Georgia public schools could soon be barred from putting students in so-called "seclusion rooms," like the one where a 13-year-old Hall County student hanged himself in 2004. Such rooms would no longer be allowed in a Georgia public school under proposed rules being considered Thursday by the state Board of Education. The use of physical restraint of students also would be reserved for only extreme cases.
Dallas Morning News
Our home is filled with books. There's not a room that doesn't have at least a couple of constantly growing and shuffled stacks. At the top of many of those piles is my son's favorite author, Rick Riordan. The San Antonio dad and veteran teacher created the enormously popular Percy Jackson series, featuring the heroics of the adolescent son of Poseidon and his demigod friends. Riordan has also created the Kane Chronicles, a trilogy of ancient Egyptian-inspired novels beginning with The Red Pyramid (released last week).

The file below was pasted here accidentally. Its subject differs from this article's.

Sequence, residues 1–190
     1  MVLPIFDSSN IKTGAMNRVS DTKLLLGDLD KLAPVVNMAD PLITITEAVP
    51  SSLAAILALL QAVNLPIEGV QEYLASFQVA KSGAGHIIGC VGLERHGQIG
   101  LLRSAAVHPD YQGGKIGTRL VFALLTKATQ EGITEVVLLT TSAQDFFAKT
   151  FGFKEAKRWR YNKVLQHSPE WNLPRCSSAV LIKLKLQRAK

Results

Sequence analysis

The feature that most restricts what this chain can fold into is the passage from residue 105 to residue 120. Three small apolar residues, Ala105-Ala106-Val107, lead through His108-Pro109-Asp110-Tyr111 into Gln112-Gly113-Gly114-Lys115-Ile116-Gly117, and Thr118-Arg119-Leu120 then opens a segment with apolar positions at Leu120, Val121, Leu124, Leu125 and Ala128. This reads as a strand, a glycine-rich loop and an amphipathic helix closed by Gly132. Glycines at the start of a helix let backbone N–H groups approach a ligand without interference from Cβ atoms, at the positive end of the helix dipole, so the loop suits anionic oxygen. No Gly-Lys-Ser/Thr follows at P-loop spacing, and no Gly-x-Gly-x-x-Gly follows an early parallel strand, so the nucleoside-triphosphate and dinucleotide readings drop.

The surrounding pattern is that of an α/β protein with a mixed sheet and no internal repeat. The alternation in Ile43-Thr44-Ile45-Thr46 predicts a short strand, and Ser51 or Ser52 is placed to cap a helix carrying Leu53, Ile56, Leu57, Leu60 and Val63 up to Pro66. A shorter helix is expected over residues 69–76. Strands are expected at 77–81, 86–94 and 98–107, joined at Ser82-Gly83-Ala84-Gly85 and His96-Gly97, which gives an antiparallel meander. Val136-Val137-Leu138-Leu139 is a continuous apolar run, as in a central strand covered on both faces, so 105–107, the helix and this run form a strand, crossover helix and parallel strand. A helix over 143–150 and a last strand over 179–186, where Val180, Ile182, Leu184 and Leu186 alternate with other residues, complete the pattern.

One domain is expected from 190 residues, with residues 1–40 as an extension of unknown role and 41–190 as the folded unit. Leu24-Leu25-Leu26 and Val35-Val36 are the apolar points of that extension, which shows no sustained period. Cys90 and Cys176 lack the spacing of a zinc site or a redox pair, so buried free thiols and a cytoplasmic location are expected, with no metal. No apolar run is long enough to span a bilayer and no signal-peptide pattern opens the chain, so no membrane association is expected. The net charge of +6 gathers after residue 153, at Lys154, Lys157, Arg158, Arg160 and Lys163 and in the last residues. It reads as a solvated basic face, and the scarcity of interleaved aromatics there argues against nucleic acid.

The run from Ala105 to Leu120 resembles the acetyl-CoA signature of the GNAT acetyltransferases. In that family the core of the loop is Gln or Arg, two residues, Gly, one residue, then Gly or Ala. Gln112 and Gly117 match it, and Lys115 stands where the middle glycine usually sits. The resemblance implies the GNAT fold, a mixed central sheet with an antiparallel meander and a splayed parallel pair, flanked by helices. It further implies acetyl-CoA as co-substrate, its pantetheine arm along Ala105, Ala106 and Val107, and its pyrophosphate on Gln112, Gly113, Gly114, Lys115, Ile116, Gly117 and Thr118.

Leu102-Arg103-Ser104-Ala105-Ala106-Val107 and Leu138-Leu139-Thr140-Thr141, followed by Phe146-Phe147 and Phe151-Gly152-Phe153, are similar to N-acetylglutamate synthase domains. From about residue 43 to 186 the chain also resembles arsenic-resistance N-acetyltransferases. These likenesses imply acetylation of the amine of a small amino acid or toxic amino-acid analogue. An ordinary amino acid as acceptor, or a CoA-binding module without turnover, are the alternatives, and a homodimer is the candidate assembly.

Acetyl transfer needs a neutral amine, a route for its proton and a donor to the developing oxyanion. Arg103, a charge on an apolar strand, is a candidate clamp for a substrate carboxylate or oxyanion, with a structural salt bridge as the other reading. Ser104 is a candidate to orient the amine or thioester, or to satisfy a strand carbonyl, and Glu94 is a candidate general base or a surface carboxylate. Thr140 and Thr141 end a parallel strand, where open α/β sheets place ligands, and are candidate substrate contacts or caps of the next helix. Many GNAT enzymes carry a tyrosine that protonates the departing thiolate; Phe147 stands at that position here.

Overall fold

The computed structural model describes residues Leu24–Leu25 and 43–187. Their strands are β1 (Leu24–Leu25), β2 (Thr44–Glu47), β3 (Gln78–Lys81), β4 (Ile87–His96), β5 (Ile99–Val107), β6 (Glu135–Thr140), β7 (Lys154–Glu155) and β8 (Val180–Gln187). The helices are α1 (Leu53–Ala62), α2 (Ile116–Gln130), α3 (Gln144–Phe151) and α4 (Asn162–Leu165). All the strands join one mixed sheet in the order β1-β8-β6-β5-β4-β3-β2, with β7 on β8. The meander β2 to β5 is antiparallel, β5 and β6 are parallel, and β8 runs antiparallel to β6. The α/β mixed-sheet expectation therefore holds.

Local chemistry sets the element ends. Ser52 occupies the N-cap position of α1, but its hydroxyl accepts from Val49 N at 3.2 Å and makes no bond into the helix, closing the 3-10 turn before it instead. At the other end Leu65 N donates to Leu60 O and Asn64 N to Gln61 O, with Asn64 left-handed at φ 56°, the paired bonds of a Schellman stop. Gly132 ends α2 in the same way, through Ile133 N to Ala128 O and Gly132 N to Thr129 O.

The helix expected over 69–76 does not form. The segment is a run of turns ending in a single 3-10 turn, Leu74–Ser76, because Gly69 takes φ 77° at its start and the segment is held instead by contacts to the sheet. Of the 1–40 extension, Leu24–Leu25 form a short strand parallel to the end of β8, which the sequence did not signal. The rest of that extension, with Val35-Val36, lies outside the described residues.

When it comes to academics, 22-year-old Sallie Banta has a lot to be proud of. She's maintained a 4.0 GPA for the last three semesters and was recently honored by both the English and Humanities departments at Landmark College. But learning has not always come easily for her.
Family Ties Magazine
My son Evan was the class clown in third grade. He was amiable and funny but often unfocused and distracted. It took an astute teacher to recognize that this behavior was probably a mask for a learning disability that affected his ability to process verbal and written information.